Rachel Dolezal is back in the news again, now claiming she faces more discrimination than transgender people. You may remember Dolezal from a 2015 scandal with the NAACP that stirred up controversy about identity.
For about a year, Dolezal served as president of Spokane, Washington’s NAACP chapter. Then it was brought to everyone’s attention that Dolezal was actually white, but had been claiming to be black.
Amidst the controversy, Dolezal stepped down from her position.
Although racial identity does not factor into qualifying for NAACP leadership, this was not the issue.
Dolezal didn’t claim a black identity to qualify for a position. She identifies as transracial, saying she is “trans-black.”
As a white person, it’s not my place to decide who gets to identify as black.
Like trans writer M.W. Bychowski tweeted, “I deferred critique of Rachel Dolezal to PoC leaders.”
I’m not here to question her identity. However, as a genderqueer individual, I’m here to critique her statement that as a transracial woman, she faces more stigma than transgender people.
WHAT WAS SAID
In an interview with Salon, Dolezal notes that Caitlyn Jenner’s story came out almost simultaneously with her own exposition. Let’s take a moment to remember that Caitlyn Jenner’s public announcement of her transition was some people’s first introduction to the concept of transgender identity.
Dolezal says that although there are similarities between her story and Jenner’s, “what’s not similar is the stigma.”
She goes on to say, “There was stigma in the past for sure, and that still perpetuates to a degree, but there’s more acceptance for gender fluidity than there is [for] race fluidity right now and I don’t think anyone would deny that.” Except oops, here I am ready to deny that. Let’s unpack her statement.
The idea that stigma is a thing of the past is completely incorrect.
Workplace discrimination is just one facet in which stigma show up disproportionately for trans individuals.
Although many employers are making efforts to be more inclusive, 77 percent of respondents in the 2015 U.S. Transgender Survey say they have hidden their gender in order to avoid discrimination. Hiding gender includes anything from not disclosing one’s assigned gender to straight up quitting a job to avoid harassment. Why hide? 23 percent of respondents reported facing some form of mistreatment in their job due to their gender expression and identity.
This is stigma perpetuated to more than just “a degree.”
Transgender and gender nonconforming individuals have an unemployment rate triple the national average in the United States.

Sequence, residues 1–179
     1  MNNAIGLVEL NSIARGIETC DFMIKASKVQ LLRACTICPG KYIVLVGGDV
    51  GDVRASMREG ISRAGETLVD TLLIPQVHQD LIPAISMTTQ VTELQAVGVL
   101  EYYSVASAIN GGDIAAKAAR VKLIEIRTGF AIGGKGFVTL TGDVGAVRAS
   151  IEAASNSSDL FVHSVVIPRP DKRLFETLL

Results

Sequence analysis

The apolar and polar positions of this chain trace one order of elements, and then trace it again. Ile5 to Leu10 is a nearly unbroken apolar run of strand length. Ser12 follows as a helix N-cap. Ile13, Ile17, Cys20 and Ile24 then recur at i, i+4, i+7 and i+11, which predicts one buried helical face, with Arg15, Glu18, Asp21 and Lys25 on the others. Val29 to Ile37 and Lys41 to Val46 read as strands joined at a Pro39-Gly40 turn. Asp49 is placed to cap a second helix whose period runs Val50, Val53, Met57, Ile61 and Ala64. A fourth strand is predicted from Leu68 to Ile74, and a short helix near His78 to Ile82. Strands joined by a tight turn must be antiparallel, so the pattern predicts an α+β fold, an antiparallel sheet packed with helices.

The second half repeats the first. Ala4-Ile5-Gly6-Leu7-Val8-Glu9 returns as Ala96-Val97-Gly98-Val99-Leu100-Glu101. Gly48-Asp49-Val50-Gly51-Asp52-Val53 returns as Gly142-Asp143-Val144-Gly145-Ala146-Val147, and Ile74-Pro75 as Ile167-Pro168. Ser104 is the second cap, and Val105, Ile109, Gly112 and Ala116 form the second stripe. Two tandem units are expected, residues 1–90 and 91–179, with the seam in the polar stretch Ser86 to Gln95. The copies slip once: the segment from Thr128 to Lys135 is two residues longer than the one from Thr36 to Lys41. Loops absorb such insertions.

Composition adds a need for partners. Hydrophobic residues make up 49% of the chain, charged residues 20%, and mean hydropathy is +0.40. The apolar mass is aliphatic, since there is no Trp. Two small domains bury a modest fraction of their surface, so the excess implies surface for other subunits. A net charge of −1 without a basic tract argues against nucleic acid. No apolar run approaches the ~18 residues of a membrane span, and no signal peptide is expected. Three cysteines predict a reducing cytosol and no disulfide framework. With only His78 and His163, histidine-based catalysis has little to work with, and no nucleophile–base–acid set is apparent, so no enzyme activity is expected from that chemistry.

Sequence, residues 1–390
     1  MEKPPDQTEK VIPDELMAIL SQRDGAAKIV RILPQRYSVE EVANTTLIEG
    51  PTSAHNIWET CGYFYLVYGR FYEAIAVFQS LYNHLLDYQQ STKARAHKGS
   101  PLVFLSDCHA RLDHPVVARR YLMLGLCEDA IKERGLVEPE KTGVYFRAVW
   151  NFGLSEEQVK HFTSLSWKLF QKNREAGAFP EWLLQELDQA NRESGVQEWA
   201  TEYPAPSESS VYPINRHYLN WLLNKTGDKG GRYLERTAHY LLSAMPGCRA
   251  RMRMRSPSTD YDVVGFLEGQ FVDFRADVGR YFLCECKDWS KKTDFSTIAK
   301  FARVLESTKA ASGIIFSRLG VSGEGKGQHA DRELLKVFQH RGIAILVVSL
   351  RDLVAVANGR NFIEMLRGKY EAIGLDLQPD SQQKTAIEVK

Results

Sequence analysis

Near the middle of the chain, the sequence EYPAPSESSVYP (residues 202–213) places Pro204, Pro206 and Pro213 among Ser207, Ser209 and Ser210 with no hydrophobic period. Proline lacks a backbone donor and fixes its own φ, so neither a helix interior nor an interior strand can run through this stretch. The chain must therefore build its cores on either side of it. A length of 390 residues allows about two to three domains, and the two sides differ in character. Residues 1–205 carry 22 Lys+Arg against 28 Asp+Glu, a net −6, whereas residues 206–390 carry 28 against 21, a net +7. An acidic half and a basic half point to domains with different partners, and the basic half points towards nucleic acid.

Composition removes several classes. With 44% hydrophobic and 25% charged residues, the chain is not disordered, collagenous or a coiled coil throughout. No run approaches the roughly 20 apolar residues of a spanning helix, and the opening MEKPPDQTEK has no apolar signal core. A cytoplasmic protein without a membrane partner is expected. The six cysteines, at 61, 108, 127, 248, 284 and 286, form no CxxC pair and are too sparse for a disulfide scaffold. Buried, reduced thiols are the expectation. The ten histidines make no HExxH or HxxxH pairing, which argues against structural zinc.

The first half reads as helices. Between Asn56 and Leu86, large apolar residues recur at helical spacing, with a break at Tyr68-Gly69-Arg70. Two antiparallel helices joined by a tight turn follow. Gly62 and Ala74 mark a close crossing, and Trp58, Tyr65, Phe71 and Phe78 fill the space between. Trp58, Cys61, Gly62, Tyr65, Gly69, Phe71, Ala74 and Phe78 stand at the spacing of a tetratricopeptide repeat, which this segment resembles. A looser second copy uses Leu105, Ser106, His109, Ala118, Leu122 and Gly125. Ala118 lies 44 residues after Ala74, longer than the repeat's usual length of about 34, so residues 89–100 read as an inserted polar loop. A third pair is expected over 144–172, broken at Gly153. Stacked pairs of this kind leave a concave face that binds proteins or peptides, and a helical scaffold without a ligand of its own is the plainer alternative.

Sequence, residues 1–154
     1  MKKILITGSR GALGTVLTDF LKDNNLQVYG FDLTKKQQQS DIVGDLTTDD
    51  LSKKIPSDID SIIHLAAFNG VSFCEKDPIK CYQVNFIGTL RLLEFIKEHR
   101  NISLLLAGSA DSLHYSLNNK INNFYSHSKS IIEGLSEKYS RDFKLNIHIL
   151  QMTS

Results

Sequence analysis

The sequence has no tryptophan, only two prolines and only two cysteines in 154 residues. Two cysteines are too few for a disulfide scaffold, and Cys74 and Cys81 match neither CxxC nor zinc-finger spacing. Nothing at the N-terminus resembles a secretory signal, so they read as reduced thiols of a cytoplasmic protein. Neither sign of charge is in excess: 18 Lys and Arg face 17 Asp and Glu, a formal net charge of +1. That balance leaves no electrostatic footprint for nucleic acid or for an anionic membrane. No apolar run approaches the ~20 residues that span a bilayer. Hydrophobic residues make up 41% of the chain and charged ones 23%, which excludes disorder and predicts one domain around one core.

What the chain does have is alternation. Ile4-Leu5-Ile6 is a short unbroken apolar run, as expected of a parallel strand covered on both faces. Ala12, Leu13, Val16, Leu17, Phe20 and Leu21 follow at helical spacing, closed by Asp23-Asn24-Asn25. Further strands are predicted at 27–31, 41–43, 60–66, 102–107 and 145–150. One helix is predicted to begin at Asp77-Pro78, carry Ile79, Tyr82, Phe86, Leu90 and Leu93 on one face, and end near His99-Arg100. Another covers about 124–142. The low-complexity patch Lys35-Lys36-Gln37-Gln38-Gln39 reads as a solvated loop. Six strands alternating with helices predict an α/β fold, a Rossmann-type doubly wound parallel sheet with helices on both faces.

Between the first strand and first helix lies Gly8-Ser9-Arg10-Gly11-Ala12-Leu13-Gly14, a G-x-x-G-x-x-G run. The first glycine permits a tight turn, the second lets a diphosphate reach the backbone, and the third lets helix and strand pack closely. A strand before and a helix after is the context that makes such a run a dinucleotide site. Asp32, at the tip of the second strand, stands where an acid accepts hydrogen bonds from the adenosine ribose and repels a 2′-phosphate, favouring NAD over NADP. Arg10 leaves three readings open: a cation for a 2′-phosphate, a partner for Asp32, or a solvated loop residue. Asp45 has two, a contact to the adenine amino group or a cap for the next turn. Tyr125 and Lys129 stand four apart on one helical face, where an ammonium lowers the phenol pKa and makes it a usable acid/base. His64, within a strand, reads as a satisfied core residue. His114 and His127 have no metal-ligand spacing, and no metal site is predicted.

DOES THIS COMPARE?
While Dolezal has experienced many parallels with trans individuals, her struggle is not greater. When her true identity was exposed to the public, she faced so much stigma she resigned. She received threats, hate mail, and has had trouble securing a job since the incident. This happens all the time to trans individuals.
Those who are forcibly outed, with their trans identity disclosed without permission, are subject to humiliation and violence.
Trans people who are open about their identity are also far likelier to experience violence, discrimination, and mistreatment.
The lack of understanding around transgender issues means trans individuals are often denied equal treatment because of their identity.
IMPORTANCE OF IDENTITY
Every time I apply for a job, I have to decide how important my gender is to me. Am I going to bring it up or wait for a situation to arise and then address it? Do I even bring it up at all?
I worry my identity will jeopardize employment opportunities.
So I usually become an invisible statistic and answer to incorrect pronouns because that’s easier than confusing or offending my coworkers. But when employers provide gender neutral bathrooms, I feel like a real person. When applications ask what pronouns they should use to address me, I feel hopeful.
It means someone out there is paying attention and opening up opportunities for diversity and inclusivity.
FIGHTING THE STIGMA
I know many employers are working to be more inclusive to all employees and applicants. This is partly out of practicality. It’s important to understand all the parts of a diverse workforce in order to function. However, we have a long way to go.
Claiming that stigma is in the past is akin to arguing women’s rights are solved because we have women in the workplace.
Stigma is alive and present every day for trans people. Trans rights are multifaceted, but that doesn’t mean we get to write them off as unknowable, unsolvable. Although visibility is increasing, conversations about transgender rights are far from over.
Dolezal’s statement opens up difficult questions about identity, respect, and stigma.
While I completely disagree that her struggle is greater than that of transgender people, it’s still a struggle.
We don’t have to agree with or entirely understand someone to recognize that they are suffering from culturally imposed limitations. To make any progress, we need to listen to the needs of others. This sounds simple, but it’s not.
Transgender rights challenge deep-seated beliefs people have about a fixed gender binary.
Making progress in the workplace means accommodating people without alienating others.
It’s a process. Employers should be willing to do research on their own end in addition to listening to their employees about issues without pigeonholing anyone into a binary choice that may not exist for them.